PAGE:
Loss of the Chr16p11.2 ASD candidate gene QPRT leads to aberrant neuronal differentiation in the SH-SY5Y neuronal cell model

Denise Haslinger, Regina Waltes, Afsheen Yousaf, Silvia Lindlar, Ines Schneider, Chai K. Lim, Meng Miao Tsai, Boyan K. Garvalov, Amparo Acker-Palmer, Nicolas Krezdorn, Björn Rotter, Till Acker, Gilles J. Guillemin, Simone Fulda, Christine M. Freitag, Andreas G. Chiocchetti*

*Corresponding author for this work

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Background: Altered neuronal development is discussed as the underlying pathogenic mechanism of autism spectrum disorders (ASD). Copy number variations of 16p11.2 have recurrently been identified in individuals with ASD. Of the 29 genes within this region, quinolinate phosphoribosyltransferase (QPRT) showed the strongest regulation during neuronal differentiation of SH-SY5Y neuroblastoma cells. We hypothesized a causal relation between this tryptophan metabolism-related enzyme and neuronal differentiation. We thus analyzed the effect of QPRT on the differentiation of SH-SY5Y and specifically focused on neuronal morphology, metabolites of the tryptophan pathway, and the neurodevelopmental transcriptome. Methods: The gene dosage-dependent change of QPRT expression following Chr16p11.2 deletion was investigated in a lymphoblastoid cell line (LCL) of a deletion carrier and compared to his non-carrier parents. Expression of QPRT was tested for correlation with neuromorphology in SH-SY5Y cells. QPRT function was inhibited in SH-SY5Y neuroblastoma cells using (i) siRNA knockdown (KD), (ii) chemical mimicking of loss of QPRT, and (iii) complete CRISPR/Cas9-mediated knock out (KO). QPRT-KD cells underwent morphological analysis. Chemically inhibited and QPRT-KO cells were characterized using viability assays. Additionally, QPRT-KO cells underwent metabolite and whole transcriptome analyses. Genes differentially expressed upon KO of QPRT were tested for enrichment in biological processes and co-regulated gene-networks of the human brain. Results: QPRT expression was reduced in the LCL of the deletion carrier and significantly correlated with the neuritic complexity of SH-SY5Y. The reduction of QPRT altered neuronal morphology of differentiated SH-SY5Y cells. Chemical inhibition as well as complete KO of the gene were lethal upon induction of neuronal differentiation, but not proliferation. The QPRT-associated tryptophan pathway was not affected by KO. At the transcriptome level, genes linked to neurodevelopmental processes and synaptic structures were affected. Differentially regulated genes were enriched for ASD candidates, and co-regulated gene networks were implicated in the development of the dorsolateral prefrontal cortex, the hippocampus, and the amygdala. Conclusions: In this study, QPRT was causally related to in vitro neuronal differentiation of SH-SY5Y cells and affected the regulation of genes and gene networks previously implicated in ASD. Thus, our data suggest that QPRT may play an important role in the pathogenesis of ASD in Chr16p11.2 deletion carriers.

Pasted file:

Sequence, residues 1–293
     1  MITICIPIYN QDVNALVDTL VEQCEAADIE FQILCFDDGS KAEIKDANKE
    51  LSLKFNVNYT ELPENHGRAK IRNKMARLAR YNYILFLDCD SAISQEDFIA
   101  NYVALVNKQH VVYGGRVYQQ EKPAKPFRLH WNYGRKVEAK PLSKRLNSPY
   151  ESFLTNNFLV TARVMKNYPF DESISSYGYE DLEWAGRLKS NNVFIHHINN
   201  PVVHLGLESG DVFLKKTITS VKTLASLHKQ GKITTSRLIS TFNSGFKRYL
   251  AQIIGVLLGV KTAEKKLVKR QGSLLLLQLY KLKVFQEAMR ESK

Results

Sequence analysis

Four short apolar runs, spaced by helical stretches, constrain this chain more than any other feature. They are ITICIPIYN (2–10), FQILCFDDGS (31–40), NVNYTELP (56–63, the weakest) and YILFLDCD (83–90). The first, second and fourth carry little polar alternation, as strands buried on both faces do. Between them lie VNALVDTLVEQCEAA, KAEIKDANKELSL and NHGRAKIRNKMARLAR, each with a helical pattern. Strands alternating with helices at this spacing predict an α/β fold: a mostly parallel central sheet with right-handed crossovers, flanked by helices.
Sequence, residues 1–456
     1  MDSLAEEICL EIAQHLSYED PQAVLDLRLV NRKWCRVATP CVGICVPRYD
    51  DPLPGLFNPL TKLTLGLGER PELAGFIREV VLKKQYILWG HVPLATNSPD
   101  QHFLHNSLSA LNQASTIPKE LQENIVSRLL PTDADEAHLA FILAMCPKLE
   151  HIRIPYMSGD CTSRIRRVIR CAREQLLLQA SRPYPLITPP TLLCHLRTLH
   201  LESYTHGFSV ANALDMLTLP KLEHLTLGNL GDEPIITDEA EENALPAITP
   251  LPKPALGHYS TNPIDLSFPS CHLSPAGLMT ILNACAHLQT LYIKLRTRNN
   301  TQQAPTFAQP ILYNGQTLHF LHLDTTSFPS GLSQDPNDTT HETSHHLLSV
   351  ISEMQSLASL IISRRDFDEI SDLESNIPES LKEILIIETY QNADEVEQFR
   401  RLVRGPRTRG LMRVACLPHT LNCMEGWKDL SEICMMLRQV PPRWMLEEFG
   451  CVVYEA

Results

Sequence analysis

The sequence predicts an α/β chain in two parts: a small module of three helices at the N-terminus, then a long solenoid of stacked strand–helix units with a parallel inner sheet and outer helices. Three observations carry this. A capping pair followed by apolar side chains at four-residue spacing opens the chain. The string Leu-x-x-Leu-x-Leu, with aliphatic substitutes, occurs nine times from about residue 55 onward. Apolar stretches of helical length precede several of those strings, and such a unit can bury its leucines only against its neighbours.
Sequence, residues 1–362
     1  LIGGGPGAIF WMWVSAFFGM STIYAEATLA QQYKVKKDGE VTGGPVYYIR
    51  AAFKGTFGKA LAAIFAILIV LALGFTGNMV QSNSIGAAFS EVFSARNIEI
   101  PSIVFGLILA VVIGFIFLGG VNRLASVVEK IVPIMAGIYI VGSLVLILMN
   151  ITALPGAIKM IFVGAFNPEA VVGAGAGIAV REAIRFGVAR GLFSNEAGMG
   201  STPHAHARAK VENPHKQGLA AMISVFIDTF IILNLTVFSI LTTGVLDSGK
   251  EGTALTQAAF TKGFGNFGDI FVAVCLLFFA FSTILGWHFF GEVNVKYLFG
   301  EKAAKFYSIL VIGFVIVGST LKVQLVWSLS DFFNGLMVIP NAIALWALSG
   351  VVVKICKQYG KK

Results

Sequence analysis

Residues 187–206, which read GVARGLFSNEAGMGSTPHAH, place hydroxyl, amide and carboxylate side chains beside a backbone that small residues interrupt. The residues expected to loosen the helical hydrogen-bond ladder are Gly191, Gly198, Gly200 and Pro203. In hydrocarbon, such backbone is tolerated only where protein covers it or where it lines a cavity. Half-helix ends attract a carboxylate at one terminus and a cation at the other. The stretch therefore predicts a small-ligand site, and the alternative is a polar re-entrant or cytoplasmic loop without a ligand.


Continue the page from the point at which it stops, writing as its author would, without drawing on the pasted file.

Original languageEnglish
Article number56
Pages (from-to)1-17
Number of pages17
JournalMolecular autism
Issue number1
Publication statusPublished - 6 Nov 2018

Bibliographical note

Copyright the Author(s) 2018. Version archived for private and non-commercial use with the permission of the author/s and according to publisher conditions. For further rights please contact the publisher.


  • 16p11.2
  • Autism
  • CRISPR/Cas9
  • Kynurenine
  • Quinolinate phosphoribosyltransferase
  • Quinolinic acid
  • Sholl analysis


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